Watching my kids beaming with pride is one of the supreme joys of being a parent.

"Productive work is the central purpose of a rational man's life, the central value that integrates and determines the hierarchy of all his other values. Reason is the source, the precondition of his productive work--pride is the result."

--Ayn Rand, "The Objectivist Ethics," The Virtue of Selfishness, p 25
*Peopleguy is the word my son invented at the age of about 20 months. It means "worker" but we've used it for so long it just rolls of the tongue (and out of my fingers on the keyboard) automatically.

13 comments:

Flibbert said...

Ok. I love "peopleguy" and I'm going to start using it immediately.

Rational Jenn said...

Oh, please do! My husband wants it to sweep the nation and the world and eventually find its way into the O.E.D.

It is fun to say: Fireman Peopleguy, Landscaper Peopleguy, Zookeeper Peopleguy. And my son loves nothing better than to say "I'm working hard like Peeoopleguys!"

rootie said...

When their "work" involves things you wouldn't have them doing "I think I'll play with knives, run with scissors, and sit on the cat" what do you do?

Rootie

Rational Jenn said...

Well, if what they want to do seriously compromises their own or somebody else's safety (how did you know we have cats?) then of course we redirect them to something more appropriate.

However, we generally allow them to explore their desires as fully as possible if nobody else's rights or safety is being infringed upon and as long as they remain within appropriate guidelines.

For example, I will let my older child practicing cutting things with knives if he likes. The younger one, too, although she only gets table knives at this point. Small kids are remarkably responsible when given appropriate guidance and a chance. We have "house rules" about tools and other potentially dangerous items. We show them how to use them properly and safely, such as safely transporting scissors by holding the closed blades and handing them to someone else handles-first. If they aren't able or willing to follow the guidelines then they must go find something else to do.

Eran Dror said...

Man, I wish my parents did that when I was growing up!

You're giving your kids tools now that most people end up learning much later in life, if at all.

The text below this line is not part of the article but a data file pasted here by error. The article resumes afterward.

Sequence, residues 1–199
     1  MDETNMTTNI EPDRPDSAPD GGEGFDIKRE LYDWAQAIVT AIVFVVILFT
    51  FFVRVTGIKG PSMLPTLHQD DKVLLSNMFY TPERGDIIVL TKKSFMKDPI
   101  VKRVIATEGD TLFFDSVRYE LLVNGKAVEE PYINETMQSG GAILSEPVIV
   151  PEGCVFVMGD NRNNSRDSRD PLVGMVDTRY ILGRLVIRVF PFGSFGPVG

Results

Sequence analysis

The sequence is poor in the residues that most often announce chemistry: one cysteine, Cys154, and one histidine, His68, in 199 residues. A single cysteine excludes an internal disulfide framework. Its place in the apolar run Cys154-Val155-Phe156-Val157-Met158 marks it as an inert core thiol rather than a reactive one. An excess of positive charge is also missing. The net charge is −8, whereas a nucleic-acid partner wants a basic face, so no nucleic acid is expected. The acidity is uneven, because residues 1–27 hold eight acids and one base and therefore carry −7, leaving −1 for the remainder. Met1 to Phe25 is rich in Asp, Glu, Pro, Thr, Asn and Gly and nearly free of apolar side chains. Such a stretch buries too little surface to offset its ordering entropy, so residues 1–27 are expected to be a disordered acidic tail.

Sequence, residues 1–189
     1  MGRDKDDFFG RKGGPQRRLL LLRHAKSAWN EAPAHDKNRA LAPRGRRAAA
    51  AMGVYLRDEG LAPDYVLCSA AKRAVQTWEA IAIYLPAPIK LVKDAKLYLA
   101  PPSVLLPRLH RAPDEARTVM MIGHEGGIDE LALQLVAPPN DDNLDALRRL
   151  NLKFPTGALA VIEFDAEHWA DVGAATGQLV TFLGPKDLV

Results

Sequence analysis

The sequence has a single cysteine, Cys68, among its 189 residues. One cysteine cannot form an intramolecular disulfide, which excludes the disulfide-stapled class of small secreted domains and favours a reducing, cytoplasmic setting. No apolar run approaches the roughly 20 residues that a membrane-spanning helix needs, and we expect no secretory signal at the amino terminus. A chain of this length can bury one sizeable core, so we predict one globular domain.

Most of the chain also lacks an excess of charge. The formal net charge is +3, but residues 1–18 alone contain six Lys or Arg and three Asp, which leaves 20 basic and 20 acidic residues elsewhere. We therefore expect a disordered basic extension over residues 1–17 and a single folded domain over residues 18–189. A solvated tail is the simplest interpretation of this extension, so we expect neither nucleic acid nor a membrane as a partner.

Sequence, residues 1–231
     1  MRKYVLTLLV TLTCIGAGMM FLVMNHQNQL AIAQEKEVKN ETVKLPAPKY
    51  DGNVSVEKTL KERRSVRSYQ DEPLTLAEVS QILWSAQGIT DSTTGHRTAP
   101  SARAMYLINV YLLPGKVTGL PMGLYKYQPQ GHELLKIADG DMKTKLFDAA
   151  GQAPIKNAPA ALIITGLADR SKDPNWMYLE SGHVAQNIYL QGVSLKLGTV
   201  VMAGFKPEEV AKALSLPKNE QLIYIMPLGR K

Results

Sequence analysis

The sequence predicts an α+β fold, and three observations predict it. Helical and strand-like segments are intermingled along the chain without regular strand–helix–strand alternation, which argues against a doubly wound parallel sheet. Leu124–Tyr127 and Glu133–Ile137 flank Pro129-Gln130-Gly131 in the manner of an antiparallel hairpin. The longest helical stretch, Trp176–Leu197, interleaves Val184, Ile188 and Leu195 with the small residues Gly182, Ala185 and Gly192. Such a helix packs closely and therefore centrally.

Keep blogging, it's great!

Rational Jenn said...

Thanks, Eran! We're doing our best--it's an intellectual challenge to figure out how to apply Objectivist principles to parenting my kids, especially because I have some weird psychological in my head still from my own childhood (which wasn't terrible, just....not Objectivist.)

Appreciate the kind words. Thanks!

piscesgrrl said...

Hey there, thanks for visiting my blog - how'd you find mine? After visiting yours, then wondering about the objectivist carnival, then seeing your post there, I ended up here and I have to know - did you have an article in the latest Life Learning Magazine? It had to be you because it was all about peopleguys! Wow, I love the connections of this blogging world!

Rational Jenn said...

piscesgrrl--welcome! I think I found your blog via the carnival of homeschooling. Or possibly Po Meyomu (sp?)? Anyway, I do enjoy it!

And yep, that's me and my Ryan in Life Learning Magazine! We are so thrilled! What did you think?

I'm glad you stopped by and left a comment! Made my day! :o)

piscesgrrl said...

I thought it was a fantastic article! I'm a new subscriber and I devoured the last two issues. I'm working on an article to send out now, actually.

I thought the whole peopleguys thing was adorable, and I think it's wonderful how you've supported his passion as you have.

Were there pictures of you with the article?

so glad we've 'met'!

Rational Jenn said...

Ooh, can't wait to read your article! It's a cool magazine--lots of interesting ideas and perspectives to think about.

There was a picture of me with both of my kids in the front of the magazine. You can tell it's us, without even reading the words, because Ryan is wearing an Astronaut Peopleguy uniform in the picture. I thought that was fitting for the article!

Glad to "meet" you, too! Thanks for stopping by!

~Jenn

khartoum said...

Great article. Am subscribing!

jody said...

I really love this approach!!

Anonymous said...